We plotted this out as a six issue series. We did a bunch of character designs. Like most of my collaboration with Fred, a lot of the specifics are lost in terms of exactly who did what. In general, our working style was that I tended to come up with the larger plot lines and themes and characters, and then Fred would refine them and point out the holes in my story. That's really an oversimplification, and there was a lot of back and forth brainstorming during this process. The final character presentational pieces we sent with our proposal were penciled by Fred and inked by me. I've posted them here, for the first time anywhere...
|This is Huck (named after the Nick Cave song, Saint Huck), our young mystic|
and the main protagonist of our story. The man in the background is Huck's teacher
and the former shaman of their community.
|This is Huck's older brother (I can't remember his name). He tired|
of the provincial life and left home to join the Grendel corps in the west.
|These are other vampires of Haller's group (yes, that's a ruined Pittsburgh skyline behind them).|
Our timing couldn't have been worse. We received a post card from Matt telling us he had received our materials, and while he liked them, the copyright to Grendel and Mage were coming under dispute. I don't know all of the details, but the original publisher, Comico, had been bought out and the new owners believed that meant they now had the rights to everything Comico had published. The original creators for Comico believed that they had always been published with idea of creator rights in place, meaning they all owned their own work. This legal battle went on for years and Matt was unable to publish any Grendel or Mage-related material. The good news is that in the end, Wagner and the others all triumphed and regained their rights. The bad news, for us anyway, is that by the time this happened the comics industry had moved on and there was no call for new Grendel Tales stories (and we had come to the end of our Grey Legacy experience and weren't doing comics by this point either). Matt eventually told new tales of Hunter Rose, and Mage: The Hero Defined, the second in his proposed Mage trilogy finally appeared.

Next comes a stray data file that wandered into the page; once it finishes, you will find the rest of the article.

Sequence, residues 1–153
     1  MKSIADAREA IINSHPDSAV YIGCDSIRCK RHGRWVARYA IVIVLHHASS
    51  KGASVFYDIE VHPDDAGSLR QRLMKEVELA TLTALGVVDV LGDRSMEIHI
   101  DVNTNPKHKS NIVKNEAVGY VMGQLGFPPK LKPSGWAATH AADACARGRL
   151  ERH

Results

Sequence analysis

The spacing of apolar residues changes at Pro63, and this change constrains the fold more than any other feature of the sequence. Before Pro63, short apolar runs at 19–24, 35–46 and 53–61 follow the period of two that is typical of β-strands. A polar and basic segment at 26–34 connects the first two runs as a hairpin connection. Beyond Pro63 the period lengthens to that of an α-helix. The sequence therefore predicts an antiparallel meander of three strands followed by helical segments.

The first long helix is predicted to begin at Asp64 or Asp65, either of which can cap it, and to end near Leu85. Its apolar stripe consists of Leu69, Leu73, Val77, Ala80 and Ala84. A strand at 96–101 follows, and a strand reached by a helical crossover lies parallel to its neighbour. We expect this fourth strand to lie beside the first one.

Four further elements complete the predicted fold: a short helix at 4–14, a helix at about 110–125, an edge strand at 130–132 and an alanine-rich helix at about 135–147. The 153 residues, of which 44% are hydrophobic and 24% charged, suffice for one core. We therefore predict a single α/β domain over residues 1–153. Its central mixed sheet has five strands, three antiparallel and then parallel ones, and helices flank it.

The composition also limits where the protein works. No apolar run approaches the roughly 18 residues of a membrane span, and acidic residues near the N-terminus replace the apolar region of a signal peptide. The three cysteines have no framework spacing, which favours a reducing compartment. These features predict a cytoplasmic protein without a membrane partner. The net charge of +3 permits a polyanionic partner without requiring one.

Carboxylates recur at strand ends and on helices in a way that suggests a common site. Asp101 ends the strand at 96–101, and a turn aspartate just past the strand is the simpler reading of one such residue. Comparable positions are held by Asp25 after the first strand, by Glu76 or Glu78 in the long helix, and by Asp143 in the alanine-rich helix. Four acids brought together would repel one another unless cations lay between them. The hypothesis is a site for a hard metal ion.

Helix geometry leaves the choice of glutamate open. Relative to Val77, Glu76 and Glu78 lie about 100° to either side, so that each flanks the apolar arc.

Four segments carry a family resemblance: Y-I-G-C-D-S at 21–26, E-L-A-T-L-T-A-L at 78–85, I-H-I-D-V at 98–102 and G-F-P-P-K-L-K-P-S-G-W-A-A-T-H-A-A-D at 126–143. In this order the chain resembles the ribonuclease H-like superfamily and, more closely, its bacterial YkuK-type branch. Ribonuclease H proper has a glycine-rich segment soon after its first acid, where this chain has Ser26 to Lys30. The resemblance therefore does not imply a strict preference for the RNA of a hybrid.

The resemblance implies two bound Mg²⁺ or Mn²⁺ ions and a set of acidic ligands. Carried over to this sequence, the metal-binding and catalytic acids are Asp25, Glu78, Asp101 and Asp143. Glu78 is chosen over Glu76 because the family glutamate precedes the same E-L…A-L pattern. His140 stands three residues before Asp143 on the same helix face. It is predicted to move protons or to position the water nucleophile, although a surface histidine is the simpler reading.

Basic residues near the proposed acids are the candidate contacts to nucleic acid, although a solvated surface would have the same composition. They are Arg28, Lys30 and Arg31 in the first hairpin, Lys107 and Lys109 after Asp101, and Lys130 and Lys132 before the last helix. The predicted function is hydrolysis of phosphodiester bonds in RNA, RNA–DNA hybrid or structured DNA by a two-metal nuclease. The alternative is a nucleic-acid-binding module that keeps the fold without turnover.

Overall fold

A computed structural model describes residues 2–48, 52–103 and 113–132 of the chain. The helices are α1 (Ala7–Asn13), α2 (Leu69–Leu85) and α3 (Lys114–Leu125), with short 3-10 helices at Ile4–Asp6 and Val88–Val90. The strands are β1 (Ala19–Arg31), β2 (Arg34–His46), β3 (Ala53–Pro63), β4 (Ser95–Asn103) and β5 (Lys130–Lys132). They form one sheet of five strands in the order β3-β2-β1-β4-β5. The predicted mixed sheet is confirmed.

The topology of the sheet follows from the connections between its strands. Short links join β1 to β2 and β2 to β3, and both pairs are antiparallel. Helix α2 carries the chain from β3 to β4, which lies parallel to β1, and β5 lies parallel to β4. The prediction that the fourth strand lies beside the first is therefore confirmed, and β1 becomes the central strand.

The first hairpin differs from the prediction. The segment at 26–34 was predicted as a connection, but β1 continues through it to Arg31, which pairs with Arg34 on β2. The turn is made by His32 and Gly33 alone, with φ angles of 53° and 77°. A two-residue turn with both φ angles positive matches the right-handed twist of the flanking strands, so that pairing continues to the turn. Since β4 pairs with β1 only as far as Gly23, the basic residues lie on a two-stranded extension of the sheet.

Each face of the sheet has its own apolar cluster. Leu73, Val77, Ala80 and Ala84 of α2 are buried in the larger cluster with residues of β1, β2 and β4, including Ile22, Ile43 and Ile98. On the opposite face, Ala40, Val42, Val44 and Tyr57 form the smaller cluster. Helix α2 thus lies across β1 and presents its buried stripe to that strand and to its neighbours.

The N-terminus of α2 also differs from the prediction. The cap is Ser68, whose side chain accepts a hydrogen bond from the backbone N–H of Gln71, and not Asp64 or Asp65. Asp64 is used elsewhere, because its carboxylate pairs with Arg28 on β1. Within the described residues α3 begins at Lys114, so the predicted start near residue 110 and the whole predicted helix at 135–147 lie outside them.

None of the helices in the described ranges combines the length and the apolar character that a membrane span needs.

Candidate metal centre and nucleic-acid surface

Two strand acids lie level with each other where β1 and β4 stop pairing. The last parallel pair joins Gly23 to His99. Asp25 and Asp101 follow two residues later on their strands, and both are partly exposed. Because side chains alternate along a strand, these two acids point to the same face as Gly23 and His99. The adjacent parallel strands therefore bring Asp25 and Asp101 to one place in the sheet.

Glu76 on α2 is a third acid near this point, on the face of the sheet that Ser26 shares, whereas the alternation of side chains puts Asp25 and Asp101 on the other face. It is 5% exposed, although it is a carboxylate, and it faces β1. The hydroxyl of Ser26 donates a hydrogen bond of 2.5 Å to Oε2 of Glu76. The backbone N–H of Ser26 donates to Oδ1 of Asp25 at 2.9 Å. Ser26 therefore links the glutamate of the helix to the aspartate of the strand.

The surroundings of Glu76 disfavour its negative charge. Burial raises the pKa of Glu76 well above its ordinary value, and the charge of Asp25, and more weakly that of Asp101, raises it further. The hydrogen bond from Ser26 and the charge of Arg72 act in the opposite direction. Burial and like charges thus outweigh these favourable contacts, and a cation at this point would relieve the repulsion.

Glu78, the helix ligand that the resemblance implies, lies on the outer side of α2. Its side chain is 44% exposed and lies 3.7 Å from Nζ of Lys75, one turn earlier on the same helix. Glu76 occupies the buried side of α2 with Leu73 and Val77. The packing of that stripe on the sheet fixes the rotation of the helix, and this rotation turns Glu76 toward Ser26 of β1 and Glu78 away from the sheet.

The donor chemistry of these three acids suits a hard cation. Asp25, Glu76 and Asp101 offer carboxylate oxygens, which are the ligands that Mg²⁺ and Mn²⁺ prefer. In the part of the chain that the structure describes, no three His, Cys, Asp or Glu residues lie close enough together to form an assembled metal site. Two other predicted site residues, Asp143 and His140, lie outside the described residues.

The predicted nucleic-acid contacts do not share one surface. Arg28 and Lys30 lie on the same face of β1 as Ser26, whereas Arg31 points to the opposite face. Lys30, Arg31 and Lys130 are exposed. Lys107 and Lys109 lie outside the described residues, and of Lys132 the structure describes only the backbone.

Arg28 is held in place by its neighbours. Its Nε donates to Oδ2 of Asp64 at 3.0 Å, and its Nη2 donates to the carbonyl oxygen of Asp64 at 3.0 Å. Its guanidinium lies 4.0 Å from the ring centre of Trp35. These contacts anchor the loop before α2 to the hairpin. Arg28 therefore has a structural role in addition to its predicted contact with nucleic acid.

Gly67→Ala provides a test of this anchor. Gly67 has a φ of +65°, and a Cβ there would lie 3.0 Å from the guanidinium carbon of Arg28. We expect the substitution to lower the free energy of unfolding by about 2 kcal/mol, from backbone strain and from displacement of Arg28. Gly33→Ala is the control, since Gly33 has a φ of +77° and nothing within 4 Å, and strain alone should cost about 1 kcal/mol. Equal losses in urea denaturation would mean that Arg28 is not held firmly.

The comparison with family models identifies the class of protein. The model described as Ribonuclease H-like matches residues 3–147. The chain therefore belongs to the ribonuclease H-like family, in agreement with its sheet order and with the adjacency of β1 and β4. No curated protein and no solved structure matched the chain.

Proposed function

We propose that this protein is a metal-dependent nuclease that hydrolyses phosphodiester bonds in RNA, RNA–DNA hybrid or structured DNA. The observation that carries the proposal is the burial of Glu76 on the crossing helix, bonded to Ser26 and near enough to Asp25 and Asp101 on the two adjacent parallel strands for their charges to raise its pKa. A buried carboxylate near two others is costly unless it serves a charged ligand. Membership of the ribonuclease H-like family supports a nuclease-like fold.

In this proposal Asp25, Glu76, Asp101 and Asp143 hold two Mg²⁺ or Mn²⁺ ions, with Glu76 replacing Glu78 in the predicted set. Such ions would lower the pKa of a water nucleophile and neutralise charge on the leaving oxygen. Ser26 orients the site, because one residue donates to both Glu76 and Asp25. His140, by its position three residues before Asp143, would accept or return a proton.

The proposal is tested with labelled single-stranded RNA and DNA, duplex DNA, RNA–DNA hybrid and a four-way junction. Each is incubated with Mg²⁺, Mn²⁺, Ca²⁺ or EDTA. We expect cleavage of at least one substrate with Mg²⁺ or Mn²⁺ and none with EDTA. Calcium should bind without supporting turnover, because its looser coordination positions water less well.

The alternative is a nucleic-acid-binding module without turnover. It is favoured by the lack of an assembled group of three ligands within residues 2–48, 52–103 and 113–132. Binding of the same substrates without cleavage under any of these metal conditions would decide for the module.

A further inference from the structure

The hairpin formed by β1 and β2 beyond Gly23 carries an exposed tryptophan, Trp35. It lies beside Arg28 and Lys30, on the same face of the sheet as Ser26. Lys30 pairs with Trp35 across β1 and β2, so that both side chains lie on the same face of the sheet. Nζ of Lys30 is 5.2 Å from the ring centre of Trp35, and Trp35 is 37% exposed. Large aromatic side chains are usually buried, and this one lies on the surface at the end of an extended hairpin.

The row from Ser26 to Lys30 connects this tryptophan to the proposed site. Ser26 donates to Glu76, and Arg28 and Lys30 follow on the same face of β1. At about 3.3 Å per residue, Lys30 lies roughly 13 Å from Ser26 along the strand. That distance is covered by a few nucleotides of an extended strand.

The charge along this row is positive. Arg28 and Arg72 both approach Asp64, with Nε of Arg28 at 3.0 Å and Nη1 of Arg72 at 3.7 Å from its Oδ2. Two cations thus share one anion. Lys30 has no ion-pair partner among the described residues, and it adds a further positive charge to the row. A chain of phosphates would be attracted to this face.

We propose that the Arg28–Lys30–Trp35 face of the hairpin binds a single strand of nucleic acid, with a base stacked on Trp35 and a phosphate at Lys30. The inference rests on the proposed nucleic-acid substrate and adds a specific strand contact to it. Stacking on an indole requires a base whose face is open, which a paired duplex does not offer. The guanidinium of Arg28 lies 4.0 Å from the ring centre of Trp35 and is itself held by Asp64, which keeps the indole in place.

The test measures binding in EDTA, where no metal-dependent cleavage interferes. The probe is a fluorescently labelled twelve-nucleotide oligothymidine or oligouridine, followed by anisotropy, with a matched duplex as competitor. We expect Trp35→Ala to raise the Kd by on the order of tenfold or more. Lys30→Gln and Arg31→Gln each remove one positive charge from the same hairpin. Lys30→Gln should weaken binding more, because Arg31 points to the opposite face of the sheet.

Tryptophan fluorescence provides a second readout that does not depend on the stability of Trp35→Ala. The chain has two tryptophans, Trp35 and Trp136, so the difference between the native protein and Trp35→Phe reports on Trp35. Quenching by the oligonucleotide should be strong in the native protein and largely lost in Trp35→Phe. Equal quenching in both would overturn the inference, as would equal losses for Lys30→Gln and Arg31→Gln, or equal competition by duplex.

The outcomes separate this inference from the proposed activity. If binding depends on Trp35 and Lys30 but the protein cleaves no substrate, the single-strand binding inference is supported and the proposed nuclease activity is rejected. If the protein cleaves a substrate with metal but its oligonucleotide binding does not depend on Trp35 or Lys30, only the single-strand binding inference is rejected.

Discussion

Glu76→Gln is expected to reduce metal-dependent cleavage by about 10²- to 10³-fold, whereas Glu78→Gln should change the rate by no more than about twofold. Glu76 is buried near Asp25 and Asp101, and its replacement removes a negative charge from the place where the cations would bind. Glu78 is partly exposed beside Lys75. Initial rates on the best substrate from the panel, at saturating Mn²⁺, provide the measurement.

We were disappointed, of course. This is one of the great “Might-Have-Beens” in my life. But timing is everything, and life moves on.
As a final anecdote about this... Sometime in the early 90's I went to Mid-Ohio Con in Mansfield, Ohio to shop around my inking samples (this was around the time I got work from Malibu Graphics). Bob Schreck was there. Bob was, at the time, an editor for Dark Horse Comics and Wagner's brother-in-law (he was married at the time to Dark Horse editor Diana Schutz, sister of Matt's wife). He was on the list of people I wanted to show my portfolio to. When he came to the Grendel pages he started laughing. “Hey,” he said, “I've seen these before, in Matt's living room!”
He was very complimentary of my work, but at the time Dark Horse wasn't hiring freelance inkers. Ah well...
Both Matt and Bob have always been very friendly and remembered me on the few occasions we have met since.
All Grendel related concepts and images are copyright Matt Wagner. The other characters are copyright Wayne Wise and Fred Wheaton.